An Endangered Species Success Story: A Population of Humpback Whales in the South Atlantic Has Recovered From the Brink of Extinction

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The western South Atlantic humpback population of whales has grown up to 25,000 which is close to pre-whaling numbers. 

In the 20th century the western South Atlantic population of humpbacks was diminished to only 450 whales. Over 12 years in the early 1900s whaling industry destroyed about 25,000 whales. 



That rapid decline made scientist put protective measures in the 1960s. In the 1980s the International Whaling Commission issued a moratorium on all commercial whaling.

A new study estimates are made from air- and ship-based surveys. Advanced modeling techniques provide scientists with comprehensive look at the recovery of the humpback population. The study proves the efficiency of the new software that is now available to the public.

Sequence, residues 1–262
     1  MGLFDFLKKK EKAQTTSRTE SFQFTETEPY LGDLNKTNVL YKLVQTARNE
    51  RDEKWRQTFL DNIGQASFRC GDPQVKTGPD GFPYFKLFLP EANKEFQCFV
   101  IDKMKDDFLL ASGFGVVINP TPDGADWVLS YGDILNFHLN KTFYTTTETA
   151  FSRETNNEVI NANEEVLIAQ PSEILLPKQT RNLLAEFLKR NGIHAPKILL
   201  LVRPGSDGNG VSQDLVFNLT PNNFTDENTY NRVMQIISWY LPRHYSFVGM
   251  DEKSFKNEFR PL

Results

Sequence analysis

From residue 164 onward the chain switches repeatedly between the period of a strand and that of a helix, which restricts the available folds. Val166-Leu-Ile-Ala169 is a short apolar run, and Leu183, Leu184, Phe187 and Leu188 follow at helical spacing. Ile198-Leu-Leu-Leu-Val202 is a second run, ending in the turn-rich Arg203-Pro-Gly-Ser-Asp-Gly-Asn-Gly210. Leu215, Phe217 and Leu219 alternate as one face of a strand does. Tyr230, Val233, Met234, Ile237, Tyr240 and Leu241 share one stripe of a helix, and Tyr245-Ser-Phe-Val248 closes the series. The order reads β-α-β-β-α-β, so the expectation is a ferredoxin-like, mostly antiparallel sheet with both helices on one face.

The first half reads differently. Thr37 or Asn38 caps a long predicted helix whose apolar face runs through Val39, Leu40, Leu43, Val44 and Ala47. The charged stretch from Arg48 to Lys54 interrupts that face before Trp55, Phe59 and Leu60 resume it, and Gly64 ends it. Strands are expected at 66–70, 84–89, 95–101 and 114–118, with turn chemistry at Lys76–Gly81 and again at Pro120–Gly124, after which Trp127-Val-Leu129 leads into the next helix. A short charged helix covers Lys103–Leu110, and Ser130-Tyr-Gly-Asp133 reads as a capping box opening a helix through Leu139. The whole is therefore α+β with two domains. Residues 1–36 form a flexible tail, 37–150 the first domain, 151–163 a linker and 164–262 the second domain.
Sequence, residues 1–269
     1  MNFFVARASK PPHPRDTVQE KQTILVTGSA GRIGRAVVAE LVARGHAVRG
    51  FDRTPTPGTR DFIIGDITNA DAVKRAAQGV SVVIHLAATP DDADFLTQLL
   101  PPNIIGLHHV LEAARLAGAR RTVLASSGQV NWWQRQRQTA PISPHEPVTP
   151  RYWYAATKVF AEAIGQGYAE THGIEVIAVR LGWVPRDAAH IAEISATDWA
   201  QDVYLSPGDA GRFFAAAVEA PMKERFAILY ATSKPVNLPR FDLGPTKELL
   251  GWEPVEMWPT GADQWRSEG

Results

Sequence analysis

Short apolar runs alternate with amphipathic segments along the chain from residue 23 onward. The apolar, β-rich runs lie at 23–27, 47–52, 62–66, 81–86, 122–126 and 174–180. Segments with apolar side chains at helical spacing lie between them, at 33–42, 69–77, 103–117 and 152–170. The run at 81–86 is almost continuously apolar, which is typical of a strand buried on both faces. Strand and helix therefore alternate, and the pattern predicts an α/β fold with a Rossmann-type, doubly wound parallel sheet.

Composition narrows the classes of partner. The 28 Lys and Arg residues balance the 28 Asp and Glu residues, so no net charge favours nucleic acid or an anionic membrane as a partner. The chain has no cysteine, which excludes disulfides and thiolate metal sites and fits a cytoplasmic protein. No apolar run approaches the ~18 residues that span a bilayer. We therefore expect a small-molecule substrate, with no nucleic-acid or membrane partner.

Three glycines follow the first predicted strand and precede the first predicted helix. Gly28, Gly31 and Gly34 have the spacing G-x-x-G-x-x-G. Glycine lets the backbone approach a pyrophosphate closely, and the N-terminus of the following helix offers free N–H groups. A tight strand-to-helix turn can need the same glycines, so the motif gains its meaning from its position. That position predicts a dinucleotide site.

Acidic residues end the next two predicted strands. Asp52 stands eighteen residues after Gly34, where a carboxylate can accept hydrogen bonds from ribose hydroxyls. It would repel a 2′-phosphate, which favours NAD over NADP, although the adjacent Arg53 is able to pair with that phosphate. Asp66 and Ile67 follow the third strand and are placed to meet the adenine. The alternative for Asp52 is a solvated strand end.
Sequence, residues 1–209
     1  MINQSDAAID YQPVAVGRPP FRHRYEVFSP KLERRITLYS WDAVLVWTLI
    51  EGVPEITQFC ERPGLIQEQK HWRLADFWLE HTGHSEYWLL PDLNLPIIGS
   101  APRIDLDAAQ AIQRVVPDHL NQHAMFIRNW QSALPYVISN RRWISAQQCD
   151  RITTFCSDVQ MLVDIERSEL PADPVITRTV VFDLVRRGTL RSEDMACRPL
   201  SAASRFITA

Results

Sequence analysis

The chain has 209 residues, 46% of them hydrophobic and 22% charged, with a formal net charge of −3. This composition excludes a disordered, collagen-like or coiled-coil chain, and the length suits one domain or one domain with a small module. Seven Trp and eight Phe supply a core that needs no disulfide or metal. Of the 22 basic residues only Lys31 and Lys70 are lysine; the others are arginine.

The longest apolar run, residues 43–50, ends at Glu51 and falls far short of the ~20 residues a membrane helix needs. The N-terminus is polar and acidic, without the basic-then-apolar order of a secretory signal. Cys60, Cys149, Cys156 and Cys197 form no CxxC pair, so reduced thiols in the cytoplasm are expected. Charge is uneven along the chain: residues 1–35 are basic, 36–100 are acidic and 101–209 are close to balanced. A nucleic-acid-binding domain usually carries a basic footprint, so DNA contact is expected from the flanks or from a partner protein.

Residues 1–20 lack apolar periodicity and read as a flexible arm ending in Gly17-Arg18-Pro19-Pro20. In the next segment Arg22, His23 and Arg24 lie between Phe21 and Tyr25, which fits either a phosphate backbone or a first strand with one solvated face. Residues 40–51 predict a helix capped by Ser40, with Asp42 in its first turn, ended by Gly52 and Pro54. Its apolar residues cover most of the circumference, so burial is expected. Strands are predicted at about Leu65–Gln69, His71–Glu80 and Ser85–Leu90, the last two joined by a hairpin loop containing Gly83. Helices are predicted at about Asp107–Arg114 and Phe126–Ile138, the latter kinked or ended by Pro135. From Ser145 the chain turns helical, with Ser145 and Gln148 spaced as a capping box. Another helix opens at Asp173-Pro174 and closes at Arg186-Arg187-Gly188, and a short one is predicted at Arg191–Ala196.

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The revival of South Atlantic humpbacks is going to impact their ecosystem, especially in the sub-Atlantic waters of the South Atlantic Ocean. The influence of competition with other predators and climate change should be monitored and understood. 

It is important to gather complete and accurate information to help safeguard these whales’ food source, krill, and to ensure the continual recovery of this population.

Read more: A Snack for Wildlife: A Florida Brewery Creates 6-Pack Edible Rings for Sea Turtles

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